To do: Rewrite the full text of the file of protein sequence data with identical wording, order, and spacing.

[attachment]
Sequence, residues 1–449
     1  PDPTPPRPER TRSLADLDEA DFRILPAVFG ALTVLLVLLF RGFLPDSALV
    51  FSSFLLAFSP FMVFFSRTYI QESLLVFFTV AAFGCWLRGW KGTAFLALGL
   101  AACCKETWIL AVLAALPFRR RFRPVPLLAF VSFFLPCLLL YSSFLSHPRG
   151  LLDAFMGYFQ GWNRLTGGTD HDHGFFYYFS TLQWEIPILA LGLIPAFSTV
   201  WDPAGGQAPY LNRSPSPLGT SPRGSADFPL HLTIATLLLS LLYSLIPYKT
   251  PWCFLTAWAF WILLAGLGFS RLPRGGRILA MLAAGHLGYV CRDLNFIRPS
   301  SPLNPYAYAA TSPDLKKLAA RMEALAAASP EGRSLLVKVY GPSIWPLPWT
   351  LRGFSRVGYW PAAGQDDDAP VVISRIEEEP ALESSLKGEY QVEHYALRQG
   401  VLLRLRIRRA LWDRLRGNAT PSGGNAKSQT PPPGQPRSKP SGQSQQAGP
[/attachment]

Sequence, residues 1–449
     1  PDPTPPRPER TRSLADLDEA DFRILPAVFG ALTVLLVLLF RGFLPDSALV
    51  FSSFLLAFSP FMVFFSRTYI QESLLVFFTV AAFGCWLRGW KGTAFLALGL
   101  AACCKETWIL AVLAALPFRR RFRPVPLLAF VSFFLPCLLL YSSFLSHPRG
   151  LLDAFMGYFQ GWNRLTGGTD HDHGFFYYFS TLQWEIPILA LGLIPAFSTV
   201  WDPAGGQAPY LNRSPSPLGT SPRGSADFPL HLTIATLLLS LLYSLIPYKT
   251  PWCFLTAWAF WILLAGLGFS RLPRGGRILA MLAAGHLGYV CRDLNFIRPS
   301  SPLNPYAYAA TSPDLKKLAA RMEALAAASP EGRSLLVKVY GPSIWPLPWT
   351  LRGFSRVGYW PAAGQDDDAP VVISRIEEEP ALESSLKGEY QVEHYALRQG
   401  VLLRLRIRRA LWDRLRGNAT PSGGNAKSQT PPPGQPRSKP SGQSQQAGP